Friday, May 09, 2014

An Open Letter to Tom Fitzgerald


Dear Mr. Fitzgerald,

I read last week that you are taking over the creative direction of EPCOT, and I know I am not the first to write an open letter to you, delivered via the Internet.

I am certainly not going to pretend I know how to tell you to do your job.

But I would like to remind you about what life was like in 1982, when EPCOT Center opened its doors.  EPCOT had been in development for a long time, as you know, and when Walt Disney died in 1966, a lot of wonderful people at WED Enterprises felt that the best way to honor him was to bring his final vision to life.  Much has been written about how that never happened, but I'm one of those people who realize that it actually did.  Walt Disney World was, for a very short time, known as "Epcot," and its building codes, its construction philosophies, the way it was designed and created, and much of what we know and love about Walt Disney World today came directly from the work that Imagineers did to research the feasibility of building a city.  And they did build a city, just not the kind where people live in neighborhoods and go to schools and churches.  Tens of thousands of people each day, however, work and play in Epcot, and EPCOT Center was to be the heart of it all.

Thirty-plus years ago, our country (arguably our world) was in a lousy place.  Every moment, we thought we might very well blow up.  The companies we had given our trust -- like Monsanto, AT&T, IBM and Kraft -- turned out not to be trustworthy at all.  The man we had trusted as president had lied to us, had taken us down a path to avoidable war, and too many of our children were dying.  Things got so bad, so unreliable, so unimaginable that young people turned to mind-altering drugs as a way to escape the reality.  By the time EPCOT Center opened, people were pushing their cars to gas pumps, couldn't afford to go to the grocery store, and were losing their jobs in record numbers.  No one and nothing could be trusted to have the best interests of Americans at heart.

In the midst of this tumult came EPCOT, bright and shiny and optimistic and entirely out of place.

EPCOT's core philosophy was one of Walt Disney's guiding principles -- that the future of the country, even the world, would be safe in the hands of American industry.  He died before Agent Orange and Napalm, before Watergate and the Ayatollah, before Vietnam and RFK and MLK, before acid rain and deforestation, before bra-burning and draft-dodging and LSD and sit-ins, before Americans became so very weary.  If he had lived through these years, what would he made of them?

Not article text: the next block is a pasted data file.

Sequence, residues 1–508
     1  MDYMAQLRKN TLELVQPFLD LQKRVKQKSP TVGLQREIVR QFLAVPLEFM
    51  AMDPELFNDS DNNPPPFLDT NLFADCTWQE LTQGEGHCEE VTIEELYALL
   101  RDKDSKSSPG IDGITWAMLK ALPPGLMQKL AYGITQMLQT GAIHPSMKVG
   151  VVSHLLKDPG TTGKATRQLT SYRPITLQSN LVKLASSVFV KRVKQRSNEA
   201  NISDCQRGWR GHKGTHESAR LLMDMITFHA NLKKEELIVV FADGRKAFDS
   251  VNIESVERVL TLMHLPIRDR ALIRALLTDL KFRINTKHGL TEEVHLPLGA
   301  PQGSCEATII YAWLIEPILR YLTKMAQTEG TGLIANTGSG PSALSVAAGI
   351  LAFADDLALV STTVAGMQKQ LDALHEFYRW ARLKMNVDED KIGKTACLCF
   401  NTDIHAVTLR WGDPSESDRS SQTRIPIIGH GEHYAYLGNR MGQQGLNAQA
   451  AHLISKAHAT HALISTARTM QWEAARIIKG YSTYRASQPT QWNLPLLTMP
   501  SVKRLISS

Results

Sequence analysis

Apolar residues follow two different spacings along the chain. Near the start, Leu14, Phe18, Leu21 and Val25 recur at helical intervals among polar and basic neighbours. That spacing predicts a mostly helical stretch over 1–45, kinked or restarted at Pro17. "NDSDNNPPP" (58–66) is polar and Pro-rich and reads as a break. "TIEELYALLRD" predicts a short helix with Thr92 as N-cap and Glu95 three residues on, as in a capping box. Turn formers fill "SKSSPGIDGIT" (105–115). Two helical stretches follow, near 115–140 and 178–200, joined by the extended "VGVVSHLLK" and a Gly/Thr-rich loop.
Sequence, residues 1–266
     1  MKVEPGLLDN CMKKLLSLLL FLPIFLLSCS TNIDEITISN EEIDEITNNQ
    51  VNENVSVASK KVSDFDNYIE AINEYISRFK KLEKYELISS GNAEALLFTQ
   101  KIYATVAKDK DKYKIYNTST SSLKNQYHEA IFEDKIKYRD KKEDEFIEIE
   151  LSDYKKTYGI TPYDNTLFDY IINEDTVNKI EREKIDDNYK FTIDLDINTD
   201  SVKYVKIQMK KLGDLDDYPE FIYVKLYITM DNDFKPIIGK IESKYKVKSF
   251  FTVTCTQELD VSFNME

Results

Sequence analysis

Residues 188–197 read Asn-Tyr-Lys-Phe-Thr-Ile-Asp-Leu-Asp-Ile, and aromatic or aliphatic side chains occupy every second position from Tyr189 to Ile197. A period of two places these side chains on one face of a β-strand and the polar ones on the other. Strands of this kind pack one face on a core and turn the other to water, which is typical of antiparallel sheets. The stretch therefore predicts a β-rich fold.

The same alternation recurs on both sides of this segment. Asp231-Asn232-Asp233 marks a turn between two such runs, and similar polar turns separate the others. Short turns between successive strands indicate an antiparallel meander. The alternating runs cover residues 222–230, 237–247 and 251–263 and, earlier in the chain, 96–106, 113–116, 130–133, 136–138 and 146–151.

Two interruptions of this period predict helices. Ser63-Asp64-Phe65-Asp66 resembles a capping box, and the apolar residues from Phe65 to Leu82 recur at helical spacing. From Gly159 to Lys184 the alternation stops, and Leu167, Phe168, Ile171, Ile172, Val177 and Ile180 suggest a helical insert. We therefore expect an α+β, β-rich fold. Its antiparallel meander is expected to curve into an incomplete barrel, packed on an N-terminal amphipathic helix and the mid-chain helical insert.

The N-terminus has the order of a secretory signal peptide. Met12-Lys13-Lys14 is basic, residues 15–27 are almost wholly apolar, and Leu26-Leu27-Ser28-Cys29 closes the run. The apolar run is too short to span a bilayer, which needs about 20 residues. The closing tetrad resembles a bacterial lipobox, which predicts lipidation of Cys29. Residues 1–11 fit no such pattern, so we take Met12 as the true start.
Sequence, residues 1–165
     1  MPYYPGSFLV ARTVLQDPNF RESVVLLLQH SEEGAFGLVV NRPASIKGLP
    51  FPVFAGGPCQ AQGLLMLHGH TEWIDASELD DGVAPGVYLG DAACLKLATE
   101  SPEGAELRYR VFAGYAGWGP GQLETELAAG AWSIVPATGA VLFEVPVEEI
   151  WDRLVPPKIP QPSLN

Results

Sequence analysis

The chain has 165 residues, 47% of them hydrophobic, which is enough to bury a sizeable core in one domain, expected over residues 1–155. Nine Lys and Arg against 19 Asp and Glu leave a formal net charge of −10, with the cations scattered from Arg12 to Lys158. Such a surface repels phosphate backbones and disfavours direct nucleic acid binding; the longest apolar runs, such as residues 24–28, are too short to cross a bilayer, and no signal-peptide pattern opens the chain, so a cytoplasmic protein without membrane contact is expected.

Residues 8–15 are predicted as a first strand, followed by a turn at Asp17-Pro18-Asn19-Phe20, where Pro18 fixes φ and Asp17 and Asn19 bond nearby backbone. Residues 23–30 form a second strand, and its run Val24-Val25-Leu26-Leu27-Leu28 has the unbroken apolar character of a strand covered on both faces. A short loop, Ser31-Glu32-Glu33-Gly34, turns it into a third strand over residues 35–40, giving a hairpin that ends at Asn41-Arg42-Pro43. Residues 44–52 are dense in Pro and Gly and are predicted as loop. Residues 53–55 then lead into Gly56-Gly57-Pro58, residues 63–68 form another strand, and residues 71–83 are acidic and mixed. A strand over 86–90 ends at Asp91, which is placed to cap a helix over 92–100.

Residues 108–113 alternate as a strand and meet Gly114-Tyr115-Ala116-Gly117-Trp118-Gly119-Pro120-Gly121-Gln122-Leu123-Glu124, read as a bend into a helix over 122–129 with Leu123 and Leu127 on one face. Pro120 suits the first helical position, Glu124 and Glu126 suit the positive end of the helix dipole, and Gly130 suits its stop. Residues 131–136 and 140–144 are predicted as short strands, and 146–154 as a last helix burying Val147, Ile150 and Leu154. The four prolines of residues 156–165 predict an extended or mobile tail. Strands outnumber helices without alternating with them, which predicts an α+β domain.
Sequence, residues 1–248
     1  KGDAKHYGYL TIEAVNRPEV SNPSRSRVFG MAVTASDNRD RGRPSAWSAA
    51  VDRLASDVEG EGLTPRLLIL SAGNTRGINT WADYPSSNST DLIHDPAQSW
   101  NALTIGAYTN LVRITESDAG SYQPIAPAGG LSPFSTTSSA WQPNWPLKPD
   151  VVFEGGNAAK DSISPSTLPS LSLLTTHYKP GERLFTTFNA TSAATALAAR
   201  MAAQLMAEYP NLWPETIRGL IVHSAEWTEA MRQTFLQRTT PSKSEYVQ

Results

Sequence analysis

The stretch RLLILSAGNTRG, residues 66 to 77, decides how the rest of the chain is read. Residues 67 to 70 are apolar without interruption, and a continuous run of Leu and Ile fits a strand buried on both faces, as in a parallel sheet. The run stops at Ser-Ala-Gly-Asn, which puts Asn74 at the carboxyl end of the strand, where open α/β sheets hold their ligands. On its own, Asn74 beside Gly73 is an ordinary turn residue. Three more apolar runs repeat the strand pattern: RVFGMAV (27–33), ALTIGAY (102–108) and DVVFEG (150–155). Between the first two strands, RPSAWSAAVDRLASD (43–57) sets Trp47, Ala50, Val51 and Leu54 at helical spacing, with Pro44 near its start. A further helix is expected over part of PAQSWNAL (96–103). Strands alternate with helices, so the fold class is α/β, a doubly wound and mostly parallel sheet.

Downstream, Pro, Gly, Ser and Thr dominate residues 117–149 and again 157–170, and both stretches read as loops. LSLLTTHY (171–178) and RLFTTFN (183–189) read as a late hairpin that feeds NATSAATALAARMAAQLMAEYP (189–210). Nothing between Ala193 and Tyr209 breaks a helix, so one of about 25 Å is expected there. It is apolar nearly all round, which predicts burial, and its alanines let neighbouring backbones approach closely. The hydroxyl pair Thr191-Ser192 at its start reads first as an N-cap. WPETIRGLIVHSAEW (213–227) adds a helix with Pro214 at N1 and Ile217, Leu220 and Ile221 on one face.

It doesn't much matter, because EPCOT was so wildly anachronistic from the very day it opened that, for a time, it worked -- brilliantly.

EPCOT was a reminder to those adults whose patience had been tested that the bright, shiny tomorrow they hoped for might still be possible.  For children and teenagers, who were only vaguely aware of why their fathers grumbled through dinner and their mothers sighed through the day, EPCOT was a promise that everything wasn't ruined yet.

Then came the end of the Cold War, the rise of the Internet, the growth of the new economy.  And now, 32 years later, we're in a place that looks awfully familiar.  I don't need to tell you how divided we have become as a nation, how distrustful we are of our government and profit-hungry corporations, how suspicious we are of each other.

And now here you are, ready to drive EPCOT into this strange new world.

As a big fan of EPCOT and a believer in some of the naively optimistic views that Walt Disney himself used to hold, here's what I ask:

Remember back to a time when EPCOT promised a future of possibility.

There aren't many people who visited EPCOT as children or teenagers and weren't amazed by fiber optics, touch screens, computer games, two-way video conference calls and the architecture of EPCOT -- simultaneously plain and almost imposing yet so simple we could project our own hopes onto it.

EPCOT offered us a peek into a world that was off-limits to most people, one in which other human beings were exploring and dreaming up concepts we never imagined would actually be real, but that today are part of our everyday lives.

Back then, Walt Disney Productions was virtually bankrupt and had to rely on corporate sponsors to tell its story.  No more.  Disney theme parks made $2.2 billion in profit last year.  Certainly some of that money, it seems to me from a layman's standpoint, can be used to improve those parks?  More importantly, it can be used to help EPCOT present a vision of our world that is free from corporate interference.  No other company needs to be involved in telling the story of humanity, our place in the world, our hopes and fears, our possibility.